By Luis Petty |Staff Writer|
The king of monsters, returns in the 2014 reimagining of the iconic “Godzilla” setting the standard for titan monster fights.
With a convoluted narrative that is simple enough for unfamiliar viewers to follow, Edwards reinvents Godzilla’s original story, while keeping him relevant to the modern world and demonstrating that he is a force to be reckoned with.
“Man vs. Nature is the predominant theme of the film, and I always tried to go back to that imagery. Godzilla is a force of nature,” stated Edwards in an interview by The DailyBeast.
He is referred to as the “Alpha Predator” by Japanese scientist Dr. Ishiro Serizawa, played by Ken Watanabe. Godzilla is a pre-historic predator who lived during a time where Earth was still highly radiated and this radiation served as the source of food for the giant savior.
The opening of the film is very cryptic showing secret files and newspaper articles hinting at previous encounters with the mysterious beast in the Pacific.
Bryan Cranston leads the film as scientist Joe Brody and brings a solid performance as a Geologist and loving family man. He bears a commanding presence as a scientist and shows genuine empathy towards his family.
Cranston only appeared in the film for the first 50 minutes as the main protagonist, which may have been a huge disappointment to Breaking Bad fans who may have gone to see “Godzilla” solely for Cranston.
Although we may have not gotten enough of Cranston, the film made up for it with state of the art graphics to create some of the most jaw-dropping monster fights in quite some time. Metropolitan destruction and cataclysmic events are some of the elements that are brought into this cinematic experience.
Another strength of the film is its storytelling and it’s ability to portray cautionary themes like science, and the arrogance of man.
The sound effects are beyond amazing and strengthen the movie immensely, from the explosions caused by the monstrous hulks, to the omitting of sound to add dramatic effect, to Godzilla’s first roar.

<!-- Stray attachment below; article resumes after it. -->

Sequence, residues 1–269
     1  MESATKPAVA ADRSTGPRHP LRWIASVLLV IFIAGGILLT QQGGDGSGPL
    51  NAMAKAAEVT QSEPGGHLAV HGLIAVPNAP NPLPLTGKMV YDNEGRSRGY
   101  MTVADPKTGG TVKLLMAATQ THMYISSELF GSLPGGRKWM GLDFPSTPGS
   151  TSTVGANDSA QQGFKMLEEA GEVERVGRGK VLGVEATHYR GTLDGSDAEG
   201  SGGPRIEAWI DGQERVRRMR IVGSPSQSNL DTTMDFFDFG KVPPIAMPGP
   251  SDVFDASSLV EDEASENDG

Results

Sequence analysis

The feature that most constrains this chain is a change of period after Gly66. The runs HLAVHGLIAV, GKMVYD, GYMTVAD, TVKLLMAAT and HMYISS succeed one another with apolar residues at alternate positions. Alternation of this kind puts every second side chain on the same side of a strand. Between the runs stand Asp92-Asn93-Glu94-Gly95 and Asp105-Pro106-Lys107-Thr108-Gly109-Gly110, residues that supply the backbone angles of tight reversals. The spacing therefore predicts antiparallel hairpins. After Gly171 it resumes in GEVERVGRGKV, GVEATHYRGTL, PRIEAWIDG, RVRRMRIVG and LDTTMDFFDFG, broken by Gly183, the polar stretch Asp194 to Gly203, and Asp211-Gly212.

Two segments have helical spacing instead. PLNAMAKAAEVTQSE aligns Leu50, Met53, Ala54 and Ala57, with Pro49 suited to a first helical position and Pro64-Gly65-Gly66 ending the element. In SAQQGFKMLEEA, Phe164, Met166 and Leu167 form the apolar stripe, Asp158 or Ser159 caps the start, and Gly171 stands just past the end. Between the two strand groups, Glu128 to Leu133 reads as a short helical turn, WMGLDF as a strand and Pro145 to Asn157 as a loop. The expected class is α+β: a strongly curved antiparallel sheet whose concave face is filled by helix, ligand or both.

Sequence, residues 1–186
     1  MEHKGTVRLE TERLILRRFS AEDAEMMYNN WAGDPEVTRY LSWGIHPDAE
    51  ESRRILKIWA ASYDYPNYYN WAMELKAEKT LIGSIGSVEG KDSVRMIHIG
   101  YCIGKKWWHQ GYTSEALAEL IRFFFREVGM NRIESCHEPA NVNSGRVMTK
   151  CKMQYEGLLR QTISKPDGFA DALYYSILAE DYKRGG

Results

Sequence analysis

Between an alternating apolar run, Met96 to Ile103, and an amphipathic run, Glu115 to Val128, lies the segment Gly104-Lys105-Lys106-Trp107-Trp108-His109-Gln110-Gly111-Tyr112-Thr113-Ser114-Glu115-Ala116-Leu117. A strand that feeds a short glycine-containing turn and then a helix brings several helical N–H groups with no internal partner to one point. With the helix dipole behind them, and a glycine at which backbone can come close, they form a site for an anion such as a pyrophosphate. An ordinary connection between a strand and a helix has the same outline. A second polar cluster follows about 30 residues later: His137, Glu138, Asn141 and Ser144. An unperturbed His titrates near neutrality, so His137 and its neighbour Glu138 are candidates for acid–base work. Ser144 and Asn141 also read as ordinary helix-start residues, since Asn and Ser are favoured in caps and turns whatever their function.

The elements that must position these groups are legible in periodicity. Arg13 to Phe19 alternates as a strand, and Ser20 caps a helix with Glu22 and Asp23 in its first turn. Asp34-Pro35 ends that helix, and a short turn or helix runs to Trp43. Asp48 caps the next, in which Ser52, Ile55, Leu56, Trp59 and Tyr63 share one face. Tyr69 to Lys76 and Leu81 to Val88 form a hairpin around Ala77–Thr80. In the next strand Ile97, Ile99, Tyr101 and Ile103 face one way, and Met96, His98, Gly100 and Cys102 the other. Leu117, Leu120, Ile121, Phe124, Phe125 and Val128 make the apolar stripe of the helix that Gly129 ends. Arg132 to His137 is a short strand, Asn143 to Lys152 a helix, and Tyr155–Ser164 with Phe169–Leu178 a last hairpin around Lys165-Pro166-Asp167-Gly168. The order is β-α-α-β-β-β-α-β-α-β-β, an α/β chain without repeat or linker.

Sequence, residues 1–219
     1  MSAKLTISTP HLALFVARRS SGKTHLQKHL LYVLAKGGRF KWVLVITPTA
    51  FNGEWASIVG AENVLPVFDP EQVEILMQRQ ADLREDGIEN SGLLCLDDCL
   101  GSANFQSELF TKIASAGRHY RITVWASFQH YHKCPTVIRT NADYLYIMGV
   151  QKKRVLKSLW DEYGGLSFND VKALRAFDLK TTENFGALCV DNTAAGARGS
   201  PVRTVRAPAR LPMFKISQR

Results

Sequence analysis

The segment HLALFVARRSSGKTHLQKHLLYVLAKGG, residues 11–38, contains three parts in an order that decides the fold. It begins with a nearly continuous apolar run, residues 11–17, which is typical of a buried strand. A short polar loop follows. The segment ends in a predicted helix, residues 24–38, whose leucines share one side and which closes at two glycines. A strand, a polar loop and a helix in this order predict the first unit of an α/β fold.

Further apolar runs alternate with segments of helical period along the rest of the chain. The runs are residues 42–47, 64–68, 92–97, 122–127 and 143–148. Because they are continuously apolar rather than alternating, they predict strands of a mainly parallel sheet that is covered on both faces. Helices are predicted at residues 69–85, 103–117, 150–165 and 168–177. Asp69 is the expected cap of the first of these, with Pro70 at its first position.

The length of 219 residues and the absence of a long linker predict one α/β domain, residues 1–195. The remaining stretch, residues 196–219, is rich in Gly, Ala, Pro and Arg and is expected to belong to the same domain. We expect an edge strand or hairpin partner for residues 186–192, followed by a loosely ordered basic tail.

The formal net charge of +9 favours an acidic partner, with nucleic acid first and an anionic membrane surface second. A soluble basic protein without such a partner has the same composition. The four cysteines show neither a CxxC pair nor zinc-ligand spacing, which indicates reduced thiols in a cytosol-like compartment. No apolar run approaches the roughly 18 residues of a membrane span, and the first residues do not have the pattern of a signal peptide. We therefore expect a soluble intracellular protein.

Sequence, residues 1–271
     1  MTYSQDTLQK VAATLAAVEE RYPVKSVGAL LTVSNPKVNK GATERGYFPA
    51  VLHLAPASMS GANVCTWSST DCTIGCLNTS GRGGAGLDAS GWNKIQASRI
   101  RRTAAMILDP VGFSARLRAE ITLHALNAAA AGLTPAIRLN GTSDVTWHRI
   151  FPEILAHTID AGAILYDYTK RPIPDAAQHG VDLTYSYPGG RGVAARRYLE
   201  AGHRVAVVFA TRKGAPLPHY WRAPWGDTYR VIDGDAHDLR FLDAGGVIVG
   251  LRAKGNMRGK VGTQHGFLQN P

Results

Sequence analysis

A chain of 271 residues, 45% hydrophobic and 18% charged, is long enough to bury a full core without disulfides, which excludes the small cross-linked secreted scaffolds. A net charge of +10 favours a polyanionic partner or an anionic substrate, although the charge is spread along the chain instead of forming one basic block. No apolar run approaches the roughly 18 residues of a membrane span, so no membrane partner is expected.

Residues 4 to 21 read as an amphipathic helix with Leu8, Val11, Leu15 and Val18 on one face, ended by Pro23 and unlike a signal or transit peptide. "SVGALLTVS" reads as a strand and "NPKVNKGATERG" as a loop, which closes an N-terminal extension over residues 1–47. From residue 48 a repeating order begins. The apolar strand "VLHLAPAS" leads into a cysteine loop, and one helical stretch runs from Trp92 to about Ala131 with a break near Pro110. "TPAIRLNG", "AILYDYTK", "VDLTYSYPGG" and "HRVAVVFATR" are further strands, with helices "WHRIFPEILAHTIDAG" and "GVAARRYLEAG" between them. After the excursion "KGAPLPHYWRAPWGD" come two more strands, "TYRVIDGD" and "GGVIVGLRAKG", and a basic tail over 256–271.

The film’s build up to Godzilla’s first full body appearance did not disappoint. His new look has sharper features and a more animalistic appearance. His body is thicker and more muscular with an overall appearance that brought all the viewers to a roaring applause.
However, there are some elements that hinder the movie. There is an annoying attempt to marginalize
Godzilla from his own film by pushing human relevance into the narrative. Minor characters like Watanabe and his assistant had unimpressive performances that perhaps deemed them unnecessary.
Misleading trailers and posters set high expectations that are not met in the film. Cranston is cut from the movie very early on when the trailers suggest him as the main character and posters exaggerate Godzilla’s actual size.
Perhaps the biggest weakness is that there is not enough Godzilla in the film. Godzilla is hardly shown throughout the 123 minutes and instead we have to settle for the generic, unmemorable monsters that Godzilla later has to fight.
Though the film falls short in some aspects, it hardly takes away from the overall cinematic experience. The movie delivers over-the-top cinematic visuals, and solid performances by the head cast.
I recommend “Godzilla” to viewers who enjoy action-packed movies and monster fights in the Japanese tradition.
I give this film 4 out of 5 paws.